A 10-foot island serves as the central family hangout in this Polk City kitchen. Scroll down to learn more about the space. Photographer: Kelsey Sutton Photography.
Writer: Beth Eslinger
All these kitchens were entries in dsm’s inaugural Home Design Awards, revealed March 9. To see additional projects—including some dreamy outdoor spaces just in time for summer—click here. We’re also covering the spaces in our free weekly newsletter, dsmWeekly. Subscribe here.
New construction has advantages, specifically when it comes to customization. In the case of this Polk City home by Black Birch Design and Build, the kitchen meets the needs of the young family with three boys and two dogs.
The kitchen forms the centerpiece of the open plan, with an oversize island that fits the entire family for daily meals and for entertaining friends. Throughout, light floors and use of white create consistency, says Jill Rolling of Black Birch.
For contrast, the designers used a mix of cabinetry, black-trimmed windows and metal finishes. “I love the effortless look of mixing metals,” Rolling says. “For anyone nervous to try, I always recommend sticking with two. I mixed brushed nickel, black and warm brass.”
Perhaps the surprise in the home is the masculine coffee station (or “back kitchen”) tucked behind the primary space. It houses a majority of food storage, although cabinetry is ample throughout.
Painted off-white cabinets, a dark charcoal in the pantry, and the light-stained white oak island and hutch pieces set a casual modern farmhouse look in this Polk City home. The countertops are a honed quartzite.
“I love a neutral home,” says Jill Rolling of Black Birch Design and Build. “Warm whites, wood tones with pops of black accents repeat throughout.”
Located in a 1908 Woodland Heights home, this renovated kitchen is a perfect juxtaposition of modern and classic, new and old. The renovation focused on opening up the space, which was dark and cramped, says architect Anna Squier of Modern Studio, who worked with MBG Renovation on the project.
“By creating a modern space, we hoped to respect the historic elements of the home, rather than compete with them,” she says of the 193-square-foot space.
The centerpiece is the tile used on the floor and behind the cooktop. From Clé, the cement floor tiles are applied randomly, looking like an art installation. Sleek black tile backs the cooktop.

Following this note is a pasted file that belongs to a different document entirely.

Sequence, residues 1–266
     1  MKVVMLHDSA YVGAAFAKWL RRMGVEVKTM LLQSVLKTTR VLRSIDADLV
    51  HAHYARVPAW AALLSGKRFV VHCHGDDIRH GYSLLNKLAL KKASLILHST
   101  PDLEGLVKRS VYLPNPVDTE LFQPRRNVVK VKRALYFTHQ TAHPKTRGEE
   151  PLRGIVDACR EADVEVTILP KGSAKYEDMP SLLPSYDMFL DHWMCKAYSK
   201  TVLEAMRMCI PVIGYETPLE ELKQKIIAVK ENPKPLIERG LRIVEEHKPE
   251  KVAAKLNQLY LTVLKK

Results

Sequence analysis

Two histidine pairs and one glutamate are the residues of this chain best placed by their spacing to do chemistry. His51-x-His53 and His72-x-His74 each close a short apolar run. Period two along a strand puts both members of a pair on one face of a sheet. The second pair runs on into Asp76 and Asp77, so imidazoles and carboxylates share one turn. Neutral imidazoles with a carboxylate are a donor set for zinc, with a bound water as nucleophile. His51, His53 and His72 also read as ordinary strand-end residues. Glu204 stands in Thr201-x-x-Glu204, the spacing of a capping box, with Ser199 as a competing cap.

To create a modern galley layout, Squier used white Shaker-style cabinetry, which contrasts with the black trim on the new window and doors. The walnut butcher-block countertops complement the home’s intricate oak woodwork.
“Knowing that we wanted to go bold with the floors, we kept the remainder of the space white, bright and neutral,” Squier says. “The tile design influenced the rest of the space.”
“Black is bold, but also elegant and refined,” says architect Anna Squier. “Balance the black with some bright elements. In our case, lots of white.”
The design team originally wanted to use a dark grout to hide wear and tear. Squier suggests a lighter grout if using concrete tiles, as black can stain.
Contrast and Character
High-end details and a mix of materials create modern sophistication in this Ankeny kitchen by Kimberley Development.
With the dining room to the side and the living area opposite the island, the open space has an easy flow for entertaining, cooking or just relaxing.
Stained wood with a chrome U-channel contributes furniture-like detail to the range hood and island; the design motif repeats elsewhere in the home. The cherry finish also clads a built-in wine cooler, which the homeowner appreciates for entertaining or relaxing while making dinner.
Lighting is a hallmark of Kimberley’s designs, as are separate pantries. “Walk-in pantries are a must as far as I am concerned for a chef’s kitchen,” Kimberley says. “This allows you to easily see all of your food … without taking up your cabinet space.”
The waterfall island is wrapped in quartz, which developer Bill Kimberley prefers for its durability—it’s hard, dense and doesn’t absorb food, stains or bacteria.
The linear range hood repeats the cabinetry hardware. Pendants complement the task lighting, keeping the space bright even at night. Kimberley suggests putting all fixtures on dimmers for flexibility.